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Unclogging An Inkjet Cartridge



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By : Gen Wright    29 or more times read
Submitted 2010-03-14 00:00:00
Have you ever put a new cartridge in your inkjet printer only to find that it puts out unintelligible marks and lots of blank space? This is a common enough problem when dealing with ink, especially if the cartridge has sat for a long period of time. Most inkjets have expiration dates somewhere on the box. Conventional wisdom puts the shelf life of an inkjet at one to two years depending on the make and brand. Some brands may keep longer.

All of us at one time or another has dealt with an ink pen that has clogged up. To get it flowing again, all we do is force write on a paper until the ink starts to flow. Just like the ink pen, the inkjet cartridge has stopped up. All we need to do is to get it flowing again.

This problem usually occurs in "sponge type" inkjet cartridges. These are the ones that have print heads incorporated into the cartridge. The print head is where most clogs occur. There are a couple options for getting the ink flowing again.

1. Go to a reputable ink/toner refiller in your area. They should be able to tell you by the weight of your cartridge is there is still plenty of ink in it. If you are very familiar with your printer, you should be able to judge by the "feel" of the cartridge as to whether or not it still has ink. Most refillers have print head cleaners and or a high pressure water stream that can free the clog in a matter of a minute or so. Many reputable refillers will provide this service free of charge.

2. If there is no refiller in your area, all is not lost. Simply get a paper towel and some distilled water. Press the print head in a firm rocking motion on the wet spot of the paper. Change positions on the wet spot, using more paper towels if necessary until you see the ink in a solid straight line. If you are doing a black cartridge you will see a single black line. If you are doing a color cartridge you will see three lines; blue, red, and yellow (cyan, magenta, and yellow for you technical types.) This procedure is called 'blotting." Blotting may take a few minutes depending how tough the clog is.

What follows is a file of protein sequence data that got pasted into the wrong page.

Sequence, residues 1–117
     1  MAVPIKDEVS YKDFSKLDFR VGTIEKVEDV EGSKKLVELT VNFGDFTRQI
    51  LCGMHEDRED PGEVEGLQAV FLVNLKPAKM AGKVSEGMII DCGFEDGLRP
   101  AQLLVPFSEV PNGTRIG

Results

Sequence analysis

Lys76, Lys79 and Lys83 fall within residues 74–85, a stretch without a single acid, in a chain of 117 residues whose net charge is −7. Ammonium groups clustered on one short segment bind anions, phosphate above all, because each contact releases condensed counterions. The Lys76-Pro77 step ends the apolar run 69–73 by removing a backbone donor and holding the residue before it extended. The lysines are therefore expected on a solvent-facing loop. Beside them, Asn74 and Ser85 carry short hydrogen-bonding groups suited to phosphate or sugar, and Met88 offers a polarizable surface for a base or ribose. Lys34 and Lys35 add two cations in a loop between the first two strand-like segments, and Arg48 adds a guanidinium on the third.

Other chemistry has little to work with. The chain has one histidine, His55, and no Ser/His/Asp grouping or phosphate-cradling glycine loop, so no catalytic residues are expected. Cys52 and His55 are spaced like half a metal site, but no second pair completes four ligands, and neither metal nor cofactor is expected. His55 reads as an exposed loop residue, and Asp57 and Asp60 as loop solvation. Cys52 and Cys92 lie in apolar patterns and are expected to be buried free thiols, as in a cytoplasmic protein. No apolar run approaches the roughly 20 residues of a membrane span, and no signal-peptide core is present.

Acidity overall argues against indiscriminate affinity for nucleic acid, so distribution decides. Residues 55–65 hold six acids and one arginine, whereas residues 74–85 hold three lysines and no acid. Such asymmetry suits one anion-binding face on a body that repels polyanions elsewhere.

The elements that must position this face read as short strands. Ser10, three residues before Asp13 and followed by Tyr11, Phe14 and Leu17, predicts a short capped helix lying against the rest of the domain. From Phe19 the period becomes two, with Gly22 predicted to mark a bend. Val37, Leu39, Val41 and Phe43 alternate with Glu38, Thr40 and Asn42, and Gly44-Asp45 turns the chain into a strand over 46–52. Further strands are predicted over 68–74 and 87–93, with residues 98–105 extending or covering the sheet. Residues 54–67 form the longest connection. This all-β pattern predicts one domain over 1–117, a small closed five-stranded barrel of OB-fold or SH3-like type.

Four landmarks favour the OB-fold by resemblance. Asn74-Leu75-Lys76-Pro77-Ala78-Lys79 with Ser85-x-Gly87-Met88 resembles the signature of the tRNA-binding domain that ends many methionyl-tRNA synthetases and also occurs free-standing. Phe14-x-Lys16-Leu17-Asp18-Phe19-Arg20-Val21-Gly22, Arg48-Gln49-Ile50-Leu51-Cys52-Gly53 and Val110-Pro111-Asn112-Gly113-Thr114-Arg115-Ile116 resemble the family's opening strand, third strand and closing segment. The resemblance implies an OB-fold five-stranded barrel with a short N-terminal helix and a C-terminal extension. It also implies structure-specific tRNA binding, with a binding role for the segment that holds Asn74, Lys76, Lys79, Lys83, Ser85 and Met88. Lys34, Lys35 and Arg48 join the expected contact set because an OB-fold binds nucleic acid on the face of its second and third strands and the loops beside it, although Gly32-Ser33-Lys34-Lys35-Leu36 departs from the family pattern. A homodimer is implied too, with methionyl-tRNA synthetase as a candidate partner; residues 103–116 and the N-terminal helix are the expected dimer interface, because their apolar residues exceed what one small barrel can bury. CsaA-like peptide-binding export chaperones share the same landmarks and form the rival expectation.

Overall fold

Many have asked me if it is ok to use normal tap water for a blot. Can you use tap water? Yes, it will work. Should you use tap water...in my opinion no. Tap water is hit and miss from one community to the next. You will find different impurities that may react with the print head and cause you a few printing problems down the road. Distilled water is safer and easily available. I recommend sticking with that.
Some inkjet cartridges cost upward of thirty dollars or more. Don't buy a replacement just because you have a clogged inkjet cartridge. Use these simple steps to save you some cash and a trip to the store.
Author Resource:- Jason Jones reminds you that one thing that is essential for choosing the right printer for you or your business is knowing the page yield of its cartridge. This is knowledge you need to determine cost and performance. Visit http://www.inkandtonerinfo.com for a Free Ink and Toner Page Yield Guide. Youll be glad you did! Jason is also happy to answer any questions you have about the ink and toner remanufacturing business in general.
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